Robo-Calling and Dirty Tricks

Conn Carroll concisely sums up a controversy brewing in the Left-o-Sphere that has been, so far as I can tell, been ignored by the major blogs on the Right.

Talking Points Memo is leading lefty blogger reporting on robocalls going to voters throughout the country including NH-02, NY-19, IL-06, IL-08, CA-04, and CT-04. the calls begin: “I’m calling with information about [fill in name of Democratic candidate]” and then “goes on to bash the Democratic candidate.” TPM also reports if listeners try to hang up, they are automatically called back as many as eight times. Josh Marshall writes: “Hang-ups are the achilles heal of robo-calls. So this seems to be an attempt to cover for that weakness by making those who hang up think the Democratic candidate is basically harassing them with phone calls. The GOP wins either way.

Kevin Drum is more than a little steamed by the practice but mostly perplexed by the lack of mainstream press coverage:

This kind of tactic is only going to get more common unless the media trumpets it loud and clear and the Republican Party pays a price for it on Tuesday. Conversely, if it flies under the radar and helps produce a few GOP wins, they’ll do it again. And again. And again.

The NYT has a story in today’s edition. WaPo mentioned it several paragraphs into a front page story yesterday. TPM’s Paul Kiel found an AP story on this last week.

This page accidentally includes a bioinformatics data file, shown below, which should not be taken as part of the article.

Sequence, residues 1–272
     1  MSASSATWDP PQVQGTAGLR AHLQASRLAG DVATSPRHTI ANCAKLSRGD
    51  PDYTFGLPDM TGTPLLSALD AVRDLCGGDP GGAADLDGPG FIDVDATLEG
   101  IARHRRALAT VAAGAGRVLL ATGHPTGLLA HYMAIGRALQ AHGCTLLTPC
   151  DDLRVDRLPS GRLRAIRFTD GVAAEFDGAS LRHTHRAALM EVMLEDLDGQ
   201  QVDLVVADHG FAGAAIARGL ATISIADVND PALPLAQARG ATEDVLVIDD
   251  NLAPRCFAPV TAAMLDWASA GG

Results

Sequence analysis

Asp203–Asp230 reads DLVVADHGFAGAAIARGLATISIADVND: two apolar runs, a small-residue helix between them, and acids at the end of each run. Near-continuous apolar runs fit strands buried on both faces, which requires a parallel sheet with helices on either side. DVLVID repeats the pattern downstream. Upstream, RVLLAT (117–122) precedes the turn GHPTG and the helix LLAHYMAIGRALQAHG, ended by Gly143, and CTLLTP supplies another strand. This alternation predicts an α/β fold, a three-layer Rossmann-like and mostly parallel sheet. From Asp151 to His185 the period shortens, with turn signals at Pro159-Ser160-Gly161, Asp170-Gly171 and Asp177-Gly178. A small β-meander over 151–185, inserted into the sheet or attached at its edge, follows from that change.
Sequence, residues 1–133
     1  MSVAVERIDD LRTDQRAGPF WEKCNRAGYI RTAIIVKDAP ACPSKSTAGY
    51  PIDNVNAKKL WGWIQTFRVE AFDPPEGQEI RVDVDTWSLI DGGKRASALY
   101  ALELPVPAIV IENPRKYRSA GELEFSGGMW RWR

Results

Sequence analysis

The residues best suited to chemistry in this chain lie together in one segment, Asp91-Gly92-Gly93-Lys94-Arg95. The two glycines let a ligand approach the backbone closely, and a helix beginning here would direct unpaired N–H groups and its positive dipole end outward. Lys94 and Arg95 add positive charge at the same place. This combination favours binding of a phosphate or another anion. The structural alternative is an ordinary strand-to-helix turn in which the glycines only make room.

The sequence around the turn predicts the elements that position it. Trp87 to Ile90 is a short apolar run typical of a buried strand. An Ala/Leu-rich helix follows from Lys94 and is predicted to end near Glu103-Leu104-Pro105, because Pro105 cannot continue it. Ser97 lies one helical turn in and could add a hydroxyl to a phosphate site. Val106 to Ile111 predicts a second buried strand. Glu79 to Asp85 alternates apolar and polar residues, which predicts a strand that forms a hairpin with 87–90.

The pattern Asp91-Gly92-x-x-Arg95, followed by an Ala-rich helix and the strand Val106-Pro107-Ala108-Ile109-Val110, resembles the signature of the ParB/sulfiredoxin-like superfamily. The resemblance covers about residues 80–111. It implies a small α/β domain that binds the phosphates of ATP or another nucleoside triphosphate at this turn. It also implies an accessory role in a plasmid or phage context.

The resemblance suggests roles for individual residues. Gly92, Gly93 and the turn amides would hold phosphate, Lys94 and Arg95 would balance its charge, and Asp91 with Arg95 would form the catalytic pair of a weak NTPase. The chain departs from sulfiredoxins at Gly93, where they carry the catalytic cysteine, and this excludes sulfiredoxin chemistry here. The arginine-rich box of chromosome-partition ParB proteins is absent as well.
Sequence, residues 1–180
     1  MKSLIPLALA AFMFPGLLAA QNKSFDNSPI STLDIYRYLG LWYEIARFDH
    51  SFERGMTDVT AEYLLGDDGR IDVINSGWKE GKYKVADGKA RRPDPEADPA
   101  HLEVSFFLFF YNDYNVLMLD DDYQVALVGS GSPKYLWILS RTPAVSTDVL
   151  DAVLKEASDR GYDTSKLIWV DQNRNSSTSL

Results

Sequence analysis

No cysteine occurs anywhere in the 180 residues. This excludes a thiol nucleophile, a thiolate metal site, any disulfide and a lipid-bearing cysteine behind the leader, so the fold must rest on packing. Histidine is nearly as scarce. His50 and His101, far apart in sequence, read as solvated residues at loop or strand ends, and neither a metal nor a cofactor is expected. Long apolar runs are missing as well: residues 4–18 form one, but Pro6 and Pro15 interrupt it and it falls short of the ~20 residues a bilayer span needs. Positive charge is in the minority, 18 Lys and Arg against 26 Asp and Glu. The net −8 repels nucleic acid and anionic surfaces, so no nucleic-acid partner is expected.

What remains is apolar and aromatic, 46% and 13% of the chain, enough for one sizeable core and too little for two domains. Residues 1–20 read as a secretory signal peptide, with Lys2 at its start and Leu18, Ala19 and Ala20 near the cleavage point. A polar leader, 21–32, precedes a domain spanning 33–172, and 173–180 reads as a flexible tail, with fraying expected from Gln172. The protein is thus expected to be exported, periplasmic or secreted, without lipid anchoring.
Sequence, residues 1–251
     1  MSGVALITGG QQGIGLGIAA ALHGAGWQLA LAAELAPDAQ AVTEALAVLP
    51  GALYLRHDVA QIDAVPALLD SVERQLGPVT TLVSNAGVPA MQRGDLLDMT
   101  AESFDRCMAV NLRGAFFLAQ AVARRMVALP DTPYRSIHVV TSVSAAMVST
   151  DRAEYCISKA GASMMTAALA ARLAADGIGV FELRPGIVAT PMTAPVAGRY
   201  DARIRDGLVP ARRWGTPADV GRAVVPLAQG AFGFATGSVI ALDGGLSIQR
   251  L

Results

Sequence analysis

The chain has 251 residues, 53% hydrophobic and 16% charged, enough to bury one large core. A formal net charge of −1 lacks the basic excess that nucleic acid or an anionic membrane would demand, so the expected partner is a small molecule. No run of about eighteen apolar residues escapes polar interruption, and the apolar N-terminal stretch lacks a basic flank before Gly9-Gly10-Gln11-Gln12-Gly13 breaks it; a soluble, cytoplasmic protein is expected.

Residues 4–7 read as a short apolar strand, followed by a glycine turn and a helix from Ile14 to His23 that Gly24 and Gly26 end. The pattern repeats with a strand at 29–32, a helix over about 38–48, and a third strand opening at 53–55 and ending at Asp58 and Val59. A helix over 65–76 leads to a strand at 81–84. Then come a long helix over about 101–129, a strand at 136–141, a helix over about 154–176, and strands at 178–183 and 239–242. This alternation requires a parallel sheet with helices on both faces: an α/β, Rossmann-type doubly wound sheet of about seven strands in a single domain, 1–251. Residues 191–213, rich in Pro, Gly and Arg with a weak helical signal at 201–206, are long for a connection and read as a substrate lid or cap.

Evidence would seem to point to this as a widespread practice but it has mostly flown off the radar screen. It seems to have been overtaken by events in Iraq and the flap over Kerry’s “joke” about how dumb presidents with multiple Ivy League degrees need more education lest they wind up serving in Iraq as soldiers (or something like that; his humor is too highbrow for me).

It goes without saying, I think, that harassing voters while misleading them into thinking that the calls are coming from one’s opponent is sleazy. It falls well short, say we say, of the Jeffersonian ideal of democracy. I’m not sure, though, that it’s any more despicable than myriad other “dirty tricks” that have been around for years, such as push polling. Or intentionally dishonest negative ads distorting people’s voting records, positions on the issues, relationships with controversial groups, and so forth. Indeed, WaPo’s Dan Balz claims that, “robo calls are very common — one reason is they’re extremely inexpensive — and often are as negative as they are positive.”

One would prefer, certainly, that elections be about an honest comparison of the candidate’s stances on the issues, their experience, and the like. Sadly, close elections seldom seem to be run that way. And most elections are close these days.

FILED UNDER: Campaign 2006, , , , , ,
James Joyner
About James Joyner